The author’s purpose in writing Iliad
The Iliad is a great and epic poem having its basis in the mythology of the people in Greece. It accounts for the significant events of the Trojan War, a mythical conflict in the 1100 BC (Litcharts). The Iliad is the earliest work in the Greek oral and literary tradition to which it refers to the real events. Homer looked to describe his occupation and not the story of the whole war. He probably wanted his audience to realize the basic story of Trojan War considering his first words on Achilles anger and its effects. Through this, he managed to construct a unified and a well-drawn story. Other reasons may be that Homer wanted to make a point as he conveys Hector as a true hero or as a more sympathetic and understanding character than Achilles making it clear that his real sympathies were on the Trojans (Asta 167). Homer may have also written the poem to symbolize life as a journey and that in life the journey is more essential than the destination. Thus, Iliad shows a set of historical events and realities from the dark ages and late Bronze Age that are consistent with the archaeological accounts.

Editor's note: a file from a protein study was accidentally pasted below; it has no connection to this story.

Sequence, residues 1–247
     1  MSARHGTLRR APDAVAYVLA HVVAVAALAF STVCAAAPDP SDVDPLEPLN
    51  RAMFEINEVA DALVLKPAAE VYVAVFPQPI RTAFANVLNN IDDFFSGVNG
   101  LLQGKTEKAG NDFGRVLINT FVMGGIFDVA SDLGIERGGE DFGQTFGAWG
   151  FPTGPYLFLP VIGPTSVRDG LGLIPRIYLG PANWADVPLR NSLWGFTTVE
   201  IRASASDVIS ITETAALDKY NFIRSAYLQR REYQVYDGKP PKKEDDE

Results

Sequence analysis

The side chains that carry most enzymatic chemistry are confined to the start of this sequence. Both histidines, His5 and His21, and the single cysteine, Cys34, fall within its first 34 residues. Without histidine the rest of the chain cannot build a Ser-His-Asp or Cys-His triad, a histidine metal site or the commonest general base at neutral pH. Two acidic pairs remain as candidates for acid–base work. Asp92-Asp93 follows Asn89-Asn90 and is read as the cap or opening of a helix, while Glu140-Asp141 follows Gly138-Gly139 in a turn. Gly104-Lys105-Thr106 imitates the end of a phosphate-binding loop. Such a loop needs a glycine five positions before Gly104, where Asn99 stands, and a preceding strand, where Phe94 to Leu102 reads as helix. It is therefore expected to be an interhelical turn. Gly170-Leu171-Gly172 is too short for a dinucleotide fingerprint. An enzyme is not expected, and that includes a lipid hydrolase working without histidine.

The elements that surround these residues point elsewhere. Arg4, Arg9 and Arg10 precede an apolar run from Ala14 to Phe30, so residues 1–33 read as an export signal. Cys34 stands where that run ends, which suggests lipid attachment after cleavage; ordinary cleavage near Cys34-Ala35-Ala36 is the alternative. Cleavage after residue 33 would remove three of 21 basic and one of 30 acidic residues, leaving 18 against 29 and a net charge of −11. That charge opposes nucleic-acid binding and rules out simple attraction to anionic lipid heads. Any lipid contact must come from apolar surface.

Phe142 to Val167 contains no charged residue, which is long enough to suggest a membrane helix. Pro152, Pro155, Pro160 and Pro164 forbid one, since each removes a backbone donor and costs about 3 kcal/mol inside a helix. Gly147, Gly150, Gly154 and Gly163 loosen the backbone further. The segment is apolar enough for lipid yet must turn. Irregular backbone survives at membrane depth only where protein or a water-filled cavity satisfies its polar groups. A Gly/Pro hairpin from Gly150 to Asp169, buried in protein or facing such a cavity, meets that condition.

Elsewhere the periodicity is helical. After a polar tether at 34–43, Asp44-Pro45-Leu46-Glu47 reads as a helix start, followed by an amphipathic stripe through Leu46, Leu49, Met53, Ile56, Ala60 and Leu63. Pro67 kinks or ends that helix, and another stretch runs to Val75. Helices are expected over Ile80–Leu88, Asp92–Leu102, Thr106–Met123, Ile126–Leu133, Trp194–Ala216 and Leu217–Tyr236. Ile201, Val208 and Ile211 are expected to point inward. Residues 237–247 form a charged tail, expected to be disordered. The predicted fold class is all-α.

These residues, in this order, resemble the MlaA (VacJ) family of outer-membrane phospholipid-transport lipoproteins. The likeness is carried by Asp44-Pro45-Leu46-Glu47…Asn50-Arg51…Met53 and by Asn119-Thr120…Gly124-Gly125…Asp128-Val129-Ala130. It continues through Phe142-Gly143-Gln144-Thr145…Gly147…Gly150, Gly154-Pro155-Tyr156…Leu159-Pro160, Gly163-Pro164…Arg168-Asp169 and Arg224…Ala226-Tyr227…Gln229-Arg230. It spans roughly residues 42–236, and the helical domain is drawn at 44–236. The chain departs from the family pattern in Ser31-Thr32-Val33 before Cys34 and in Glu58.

Homer achieved his goal as the Iliad remain the most widely read and celebrated story ever told. Iliad is hailed for its greatest epic of Greece and its influence on some writers and poets. His work has owed a tremendous debt to oral poetry, literary traditions and oral traditions. Iliad has therefore remained one of the most loved and known stories of all time.
The theme of Honor and Glory
In Iliad, one of the major themes is honor and glory, which soldiers earn in war. In ancient Greece, to perform in battle is one of the greatest sources of worth. Since heroes are important in Greek community, their way of life is based on honor and glory. The glory earned in war allow soldiers to live on as legends who may be remembered for years after the war. Fame is the goal of the Greeks that resounds after death. Thus, honor and glory is the foundation of everything happening in Iliad and define heroes in Iliad. The characters in Iliad made reference to their legends like Theseus and Hercules. Odysseus, a fighter claims that “it is disgraceful to wait long and at the end go home empty handed (Homer 297).”